Designing a baby so that the baby is perfect from medical flaws or illnesses, or even changing the genes the baby receives from the parents to ensure that the baby does not have a certain flaw. By designing a baby, it takes a way the natural human act of reproduction, and replaces the creator, with the caretaker. Genetically modified plants and animals, “GMOs are created through new biotechnologies such as gene splicing, radiation, or specialized chemicals” (p. 478). Critics of GMOs fear that GMOs have a potential risk to ecosystems and human health.
Many worry that GMOs may cause an increase of unknown allergies to develop with the mixing of genes. Still critics still worry that the crops that are engineered to be resistant to insects, may have a long term negative effect on people, as these foods may carry over into humans and cause more toxic reactions. Leon R. Kass’ Ageless Bodies, Happy Souls, explains the importance of distinguishing between therapy and enhancement. He describes the world coming to a point, where it is so focused on a utopia-seeking environment, that prescribing three-year-olds psychotropic drugs would be considered a norm.
He describes three risks to biotechnology as a whole. People may get to caught up in health perfection, and not worry about the safety and risk factors. People may use personnel enhancers in a competitive sense that give them an unfair advantage. The last objection he makes is the right to choose if and what biotechnologies may be used on you. Parents will enforce biotechnologies before a child is even born, forcedly changing the child into who they want that child to be. Kass is against any kind of bio enhancement as long as it does not go above and beyond the extraordinary means of therapy.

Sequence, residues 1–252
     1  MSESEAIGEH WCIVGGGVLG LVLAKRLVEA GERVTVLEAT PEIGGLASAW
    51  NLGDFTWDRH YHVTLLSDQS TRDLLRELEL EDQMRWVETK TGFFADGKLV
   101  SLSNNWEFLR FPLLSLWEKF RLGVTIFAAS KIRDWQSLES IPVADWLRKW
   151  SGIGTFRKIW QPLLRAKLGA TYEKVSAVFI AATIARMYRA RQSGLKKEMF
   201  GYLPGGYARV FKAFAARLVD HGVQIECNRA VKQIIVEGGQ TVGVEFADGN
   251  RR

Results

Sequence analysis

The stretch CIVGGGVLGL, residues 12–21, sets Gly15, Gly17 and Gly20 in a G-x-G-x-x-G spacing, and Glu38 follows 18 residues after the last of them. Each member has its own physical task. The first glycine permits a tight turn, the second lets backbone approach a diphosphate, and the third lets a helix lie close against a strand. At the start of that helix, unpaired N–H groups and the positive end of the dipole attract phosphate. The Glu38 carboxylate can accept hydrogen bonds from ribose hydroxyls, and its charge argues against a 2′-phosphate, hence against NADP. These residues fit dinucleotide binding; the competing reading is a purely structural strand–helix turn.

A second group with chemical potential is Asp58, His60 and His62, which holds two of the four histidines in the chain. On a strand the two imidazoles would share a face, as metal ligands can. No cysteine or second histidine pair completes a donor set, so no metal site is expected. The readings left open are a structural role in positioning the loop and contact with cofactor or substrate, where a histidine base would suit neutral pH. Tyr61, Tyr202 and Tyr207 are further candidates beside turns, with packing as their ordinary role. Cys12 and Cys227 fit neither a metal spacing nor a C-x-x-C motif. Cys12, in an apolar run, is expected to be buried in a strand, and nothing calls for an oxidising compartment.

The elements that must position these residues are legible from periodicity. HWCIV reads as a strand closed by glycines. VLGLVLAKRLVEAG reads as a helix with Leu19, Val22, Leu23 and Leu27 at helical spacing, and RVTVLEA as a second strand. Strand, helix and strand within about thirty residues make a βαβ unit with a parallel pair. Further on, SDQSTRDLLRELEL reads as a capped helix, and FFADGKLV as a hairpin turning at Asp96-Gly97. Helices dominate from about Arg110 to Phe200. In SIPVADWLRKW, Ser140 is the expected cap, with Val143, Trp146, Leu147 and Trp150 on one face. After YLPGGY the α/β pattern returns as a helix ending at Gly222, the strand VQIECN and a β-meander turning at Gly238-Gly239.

In Nick Bostrom’s In the Defense of Posthuman Dignity, the distinction between transhumanists, who “believe that human enhancement technologies should be made widely available, that individuals should have broad discretion over which of these technologies to apply to themselves, and that parents should normally have the right to choose enhancements for their children-to-be,” and bio conservatives are” generally opposed to the use of technology to modify human nature” (p. 500).
Bostrom believes that nature can give humans undesirable traits like cancer, and that parent’s foreseeing a disease of issue of this magnitude of right and need to do whatever it takes to protect their child from this illness. Biotechnology is morally acceptable when used in the right measures. When biotechnology is used for enhancements it is not morally acceptable, because the person can live a good life without the need for enhancements. When biotechnology is used for therapeutic measures it is morally acceptable. The means for biotechnology are necessary to function and live a happy life.